Man I need help so bad! Quickly too!

This is typical! I have a deadline for my project July 10th, things were going great, most of my little game was done and I was really happy.

Now I get an illegal operation error each time I start it. And if I debug I get a list with a lot of asm-code and it says “acces violation”. I’m using Visual C++ 5.0. Is there anyway to get VC to just point me to which part of my code causes the problem?

The strange thing is that I didn’t DO anything to the code!
I implemented the a performance counter according to tutorial 21 on NeHe’s site. And it worked perfectly. Things were a little slow so I tweaked ONE variable. Tried it again and the speed issue was resolved, however one of my two textures (I only use two) didn’t show. I was like “wtf!?”, so I changed the texture-bind for the texture that didn’t work to point to the one that worked instead, and now both my objects were drawn with the same texture. So i tried setting them both the the one that didn’t work. And that’s when I got my first error-message message.
So I looked around and saw that the variable holding the name for the texture objects read
GLuint texture[1]; instead of GLuint texture[2];
This puzzled me because it worked before, and I’m pretty certain I set it to 2.
Anyway, I changed it back to 2 but it still didn’t work.

So now I commented out all the code that could cause trouble. The text-code, the timer-code (I reinserted the timeGetTime() multimedia timer). And it still crashes on startup.

I’m about to kill myself. I mean things were going so great and this **** has to happen!
I HAVE to get this project done by the 10th or I’m screwed. This really is a dead-line.

Any ideas?

You HAVE to help me here!
I’m going insane! I think I’m about to cry. I have no idea how the debugger works in VC.

Have you checked the call stack when it crashes? That should point you to the function in your app that is causing the problem. Put a breakpoint on that function when debugging the app again, and then step through your code very carefully. You should then be able to find the line in your code that goes astray. Then you have to figure out why it is going astray. That’s the best advice I can give. Besides other tips that won’t be helpful to you now that is.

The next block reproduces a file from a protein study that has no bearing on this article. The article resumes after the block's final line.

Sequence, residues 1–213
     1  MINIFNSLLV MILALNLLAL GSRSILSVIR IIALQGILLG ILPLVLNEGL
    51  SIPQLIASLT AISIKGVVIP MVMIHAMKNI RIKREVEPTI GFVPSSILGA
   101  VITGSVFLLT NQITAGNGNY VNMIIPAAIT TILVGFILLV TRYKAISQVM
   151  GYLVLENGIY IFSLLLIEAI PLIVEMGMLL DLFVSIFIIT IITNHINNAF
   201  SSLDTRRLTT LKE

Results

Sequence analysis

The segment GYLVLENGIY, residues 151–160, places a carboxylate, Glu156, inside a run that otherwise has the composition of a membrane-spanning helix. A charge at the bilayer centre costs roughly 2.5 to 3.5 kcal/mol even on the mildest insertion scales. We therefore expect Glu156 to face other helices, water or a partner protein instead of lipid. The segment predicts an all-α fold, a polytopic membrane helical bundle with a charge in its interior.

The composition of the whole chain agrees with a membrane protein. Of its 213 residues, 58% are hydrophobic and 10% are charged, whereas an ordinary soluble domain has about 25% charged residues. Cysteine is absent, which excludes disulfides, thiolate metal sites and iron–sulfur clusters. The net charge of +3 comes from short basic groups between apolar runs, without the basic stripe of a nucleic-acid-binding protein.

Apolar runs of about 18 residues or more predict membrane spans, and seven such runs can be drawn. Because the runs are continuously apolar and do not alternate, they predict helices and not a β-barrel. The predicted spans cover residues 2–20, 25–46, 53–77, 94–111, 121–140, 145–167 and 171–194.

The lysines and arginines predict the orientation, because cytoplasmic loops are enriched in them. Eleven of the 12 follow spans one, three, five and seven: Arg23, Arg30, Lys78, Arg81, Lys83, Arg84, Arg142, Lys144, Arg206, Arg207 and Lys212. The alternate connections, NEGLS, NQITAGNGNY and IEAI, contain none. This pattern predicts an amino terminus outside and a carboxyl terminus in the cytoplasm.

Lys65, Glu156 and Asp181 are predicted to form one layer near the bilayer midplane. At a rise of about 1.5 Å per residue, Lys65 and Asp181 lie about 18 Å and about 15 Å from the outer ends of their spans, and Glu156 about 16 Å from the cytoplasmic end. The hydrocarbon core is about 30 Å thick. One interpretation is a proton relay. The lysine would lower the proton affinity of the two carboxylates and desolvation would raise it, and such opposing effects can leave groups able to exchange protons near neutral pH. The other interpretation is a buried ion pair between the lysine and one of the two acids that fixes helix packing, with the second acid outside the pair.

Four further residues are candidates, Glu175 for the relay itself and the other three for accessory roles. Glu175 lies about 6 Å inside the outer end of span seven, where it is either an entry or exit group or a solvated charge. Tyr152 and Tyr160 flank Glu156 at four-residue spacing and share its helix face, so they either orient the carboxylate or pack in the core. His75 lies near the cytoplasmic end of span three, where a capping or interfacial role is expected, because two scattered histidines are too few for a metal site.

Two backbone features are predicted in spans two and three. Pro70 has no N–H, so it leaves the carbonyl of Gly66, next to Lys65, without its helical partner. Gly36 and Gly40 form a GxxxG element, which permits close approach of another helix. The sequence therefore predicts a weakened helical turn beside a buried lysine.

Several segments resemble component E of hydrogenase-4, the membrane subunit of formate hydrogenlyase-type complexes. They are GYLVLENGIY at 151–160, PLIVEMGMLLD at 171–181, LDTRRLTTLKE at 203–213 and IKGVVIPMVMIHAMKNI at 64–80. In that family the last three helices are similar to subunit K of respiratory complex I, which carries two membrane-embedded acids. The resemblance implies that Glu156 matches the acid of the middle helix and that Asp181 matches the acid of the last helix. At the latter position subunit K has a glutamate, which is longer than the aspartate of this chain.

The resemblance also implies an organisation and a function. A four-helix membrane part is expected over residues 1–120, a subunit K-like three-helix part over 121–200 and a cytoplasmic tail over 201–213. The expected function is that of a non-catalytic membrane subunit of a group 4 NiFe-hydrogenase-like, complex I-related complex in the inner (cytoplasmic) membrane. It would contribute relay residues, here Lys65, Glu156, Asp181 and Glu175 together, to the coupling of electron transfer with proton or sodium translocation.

[This message has been edited by DFrey (edited 06-26-2000).]

I used to get access violation when I try to use a texture without dimensions, or bad data type (I mean RGBA insted of RGB).

Do you create your texture ID’s correctly?
When you draw your objects do you set these ID’s?
Do you have enough memory?

There could be a problem when you do openGL operations before creating the rendering context.

Hmm… You’re not gonna believe this. In fact, I’m not sure I believe it. But it works.
I didn’t do ANYTHING. Just recompiled a couple of times and scratching my head. And today when I turned on the computer, things worked.
This is making me nervous.
I would prefer to know WHY it didn’t work, and why it works now, all of a sudden.

When this sort of stuff happens to me and I have absolutely no clue as to why an error occurs,I use message boxes all over my application (or in the function that I think the error is occuring in)And when I run my app I know exactly where the error occurs. It’s a cheesy method but it works

I occasionnaly have that sort of problem when I change a class declaration (the header). For example adding or removing a class member (variable) or something like that. The problem always comes from the pre-compiled header (stdafx.h/.cpp). It seems that this header is aware of the changes but it does not communicate the changes to all the .obj files… Which means the other .obj files do not have the proper offset from the beginning of the class to access the member… which leads to nice problems !

The only solution I have found up to now is to perform a Rebuild All when I do such changes…

Hope this will help you !



sometimes error such as that occur when a fan on a processor quits, check that, however almost anything could be the source of your problem…